Remember ShrinkyDinks? Well, they're still around. Generically they're called shrink plastic or shrink film and can be found in blank sheet form in art supply and craft stores (at Michaels they're in the scrapbooking section). AND they've been updated for our digital life. Yep -- in addition to the draw- (or stamp, paint, etc.-) on kind, it comes formulated for use with ink-jet printers.
I became interested in using shrink plastic awhile back to make art pendants with my own digital images. I needed a way to make a lot of a particular design without having to start from scratch every time (I don't draw especially well). I eventually settled on decoupage but my curiosity about shrink plastic never left me. Then this past weekend a customer at the GreenFlea (where I was a selling my wares) asked me if my decoupage Scrabble-tile pendants could be used as key chains. Alas, they can't. They're just not durable enough. Thankfully she bought one anyway but it got me thinking about shrink plastic again. This customer wasn't the first to ask that question, and other people have also more directly suggested I apply my designs to making some kind of key chain. I thought shrink plastic might work well for that because it would allow me to reproduce my images several at a time (like I do for Scrabble-tile pendants), and because the final product can withstand the wear-and-tear that a key chain endures. So, I took myself to Michaels and got me some shrink plastic.
I got ShrinkyDinks brand white plastic sheets and Aleen's spray acrylic sealer (gloss) to protect the printed images from smudging or running after baking. Ink-jet printer ink isn't waterproof! And it'll scratch off eventually. If it's going to be attached to a bunch of pointy metal objects and tossed around in bags and coat pockets, the image needs to be protected. Because a water-based sealer clearly wouldn't work, and because I hate cleaning-up solvent-based varnish, I got the spray. It's smelly but effective.
I wanted an approximately 1"x1.15" final product (a little bigger than a scrabble tile pendant) so I started with a 2"x 2.25" image. (The instructions didn't say how much they would shrink but from the picture on the back of the package it looked like it was about 50%.) I had to resize and lighten the images I use for Scrabble-tile pendants considerably. The lightening process took forever because I tried a couple of different methods, and got a much better result doing it directly in my drawing program, which was more complicated.
Screen-shot of my re-sized images before (top) and after lightening them. I copied and pasted the lightened images from my drawing program into a table in Word for printing.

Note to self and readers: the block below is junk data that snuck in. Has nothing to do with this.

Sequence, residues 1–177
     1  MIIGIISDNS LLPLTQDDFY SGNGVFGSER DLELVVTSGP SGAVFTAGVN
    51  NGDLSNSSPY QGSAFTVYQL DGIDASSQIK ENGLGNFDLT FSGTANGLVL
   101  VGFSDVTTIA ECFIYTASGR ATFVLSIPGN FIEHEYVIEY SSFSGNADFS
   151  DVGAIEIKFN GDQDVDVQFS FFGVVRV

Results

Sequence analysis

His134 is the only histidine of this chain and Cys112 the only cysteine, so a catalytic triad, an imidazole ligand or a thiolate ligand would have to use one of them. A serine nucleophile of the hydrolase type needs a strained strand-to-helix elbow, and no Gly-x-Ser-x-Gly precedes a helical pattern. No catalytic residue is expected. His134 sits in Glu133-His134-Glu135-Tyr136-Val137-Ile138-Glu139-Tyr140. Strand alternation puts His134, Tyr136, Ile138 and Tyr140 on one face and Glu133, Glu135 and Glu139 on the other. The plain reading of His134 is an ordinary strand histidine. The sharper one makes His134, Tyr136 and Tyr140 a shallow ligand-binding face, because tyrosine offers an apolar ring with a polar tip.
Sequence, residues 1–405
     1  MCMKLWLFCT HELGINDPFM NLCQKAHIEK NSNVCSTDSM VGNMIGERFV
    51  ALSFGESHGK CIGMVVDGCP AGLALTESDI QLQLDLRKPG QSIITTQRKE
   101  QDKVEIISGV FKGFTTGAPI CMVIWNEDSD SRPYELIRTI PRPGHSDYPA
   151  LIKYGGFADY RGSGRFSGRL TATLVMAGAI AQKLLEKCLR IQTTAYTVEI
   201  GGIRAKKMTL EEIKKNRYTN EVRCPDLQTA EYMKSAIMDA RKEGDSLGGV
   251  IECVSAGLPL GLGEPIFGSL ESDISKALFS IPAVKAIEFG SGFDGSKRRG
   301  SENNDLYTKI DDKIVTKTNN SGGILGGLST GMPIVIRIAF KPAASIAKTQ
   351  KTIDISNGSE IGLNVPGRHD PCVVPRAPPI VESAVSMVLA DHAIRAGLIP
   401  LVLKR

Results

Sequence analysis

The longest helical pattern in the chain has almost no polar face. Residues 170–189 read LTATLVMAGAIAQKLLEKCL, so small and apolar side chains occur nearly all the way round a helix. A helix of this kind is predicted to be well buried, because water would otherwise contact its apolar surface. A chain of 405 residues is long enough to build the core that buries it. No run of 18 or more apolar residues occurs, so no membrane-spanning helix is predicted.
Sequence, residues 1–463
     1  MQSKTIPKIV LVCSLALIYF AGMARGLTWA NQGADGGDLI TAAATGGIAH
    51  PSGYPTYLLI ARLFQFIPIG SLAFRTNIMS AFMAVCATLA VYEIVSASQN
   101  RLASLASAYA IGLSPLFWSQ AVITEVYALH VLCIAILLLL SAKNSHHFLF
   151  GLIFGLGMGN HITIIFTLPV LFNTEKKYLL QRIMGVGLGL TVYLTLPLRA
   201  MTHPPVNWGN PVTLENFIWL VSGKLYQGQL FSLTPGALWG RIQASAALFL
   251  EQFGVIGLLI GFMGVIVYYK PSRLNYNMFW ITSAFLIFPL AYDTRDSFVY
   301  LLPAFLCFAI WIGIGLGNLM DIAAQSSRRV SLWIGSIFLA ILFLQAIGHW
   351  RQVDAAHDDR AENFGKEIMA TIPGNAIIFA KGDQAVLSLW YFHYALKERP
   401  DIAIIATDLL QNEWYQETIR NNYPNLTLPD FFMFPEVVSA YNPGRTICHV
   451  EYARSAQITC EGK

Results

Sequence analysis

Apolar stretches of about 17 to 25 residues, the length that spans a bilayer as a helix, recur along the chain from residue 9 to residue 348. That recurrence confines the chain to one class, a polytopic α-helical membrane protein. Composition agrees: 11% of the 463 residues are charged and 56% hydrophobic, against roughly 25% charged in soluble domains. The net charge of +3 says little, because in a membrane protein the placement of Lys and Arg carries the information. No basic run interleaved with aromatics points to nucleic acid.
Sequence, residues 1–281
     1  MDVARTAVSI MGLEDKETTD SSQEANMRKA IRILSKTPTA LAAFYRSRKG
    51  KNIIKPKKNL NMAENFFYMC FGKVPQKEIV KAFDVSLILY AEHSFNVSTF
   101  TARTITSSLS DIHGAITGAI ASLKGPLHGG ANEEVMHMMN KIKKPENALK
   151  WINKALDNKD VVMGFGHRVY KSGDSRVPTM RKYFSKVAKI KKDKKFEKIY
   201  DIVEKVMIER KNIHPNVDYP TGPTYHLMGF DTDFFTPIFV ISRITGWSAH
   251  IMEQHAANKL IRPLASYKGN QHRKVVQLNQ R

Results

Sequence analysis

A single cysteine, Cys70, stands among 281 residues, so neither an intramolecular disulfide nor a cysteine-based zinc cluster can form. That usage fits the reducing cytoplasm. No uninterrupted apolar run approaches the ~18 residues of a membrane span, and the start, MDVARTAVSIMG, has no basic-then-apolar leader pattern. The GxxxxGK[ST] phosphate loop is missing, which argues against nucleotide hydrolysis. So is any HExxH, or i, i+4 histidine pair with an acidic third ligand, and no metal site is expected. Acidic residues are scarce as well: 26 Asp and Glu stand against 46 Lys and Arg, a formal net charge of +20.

Printed, cut, and ready to be baked! The hole at the top is a little close to the edge on this one but it turned out OK. Even so, I'd recommend putting the hole a bit deeper in.
Following the package instructions precisely, I arranged my cut images on a piece of a brown paper shopping bag on a baking sheet. The instructions, though extensive, didn't say how far apart to place them from each other on the paper. Considering they shrink rather than grow in the baking process, I put them rather close together. It worked out fine.
Shrunk. They're about .75"x.87" -- the same size as a Scrabble-tile pendant.
The question of how much the pieces shrink was actually quite pressing by the end. It's a bit more than 50%. This was more than I expected, and resulted in a final product that I thought might be a bit small for a key chain.
So I made up another batch. Pre-shrunk, the pieces ranged in size from almost 4"x4" to 4"x3.25". Shrunk, they measure between just under 1.75"x1.75" and 1.75"x1.25". Probably better for a key chain but still in need of some fiddling.
Since the second batch was closer to the size I was aiming for, I just varnished those for now. I set them on some wax paper and followed the directions on the back of the can.
Spray-sealing in the bathroom, away from anything alive or edible
Duly varnished. Nice and shiny.
A couple of little notes for the especially interested: Some of the pieces distorted in baking. I think this is because the paper I put them on wasn't flat (it was a used paper bag). I suspect you could use something other than a brown paper bag to place them on (as most of those at our disposal are used like mine), like kraft paper or maybe even parchment paper.
The images came out of the printer covered in schmutz, I'm guessing from the printer itself. Some of it brushed off easily but some was kind of sticky and couldn't be removed without marring the image. It showed up on the final product but didn't ruin it. So, depending on how fussy you are, maybe clean your printer rollers before printing on the plastic.
So there you go: Shrink plastic. Who knew?
Until next time --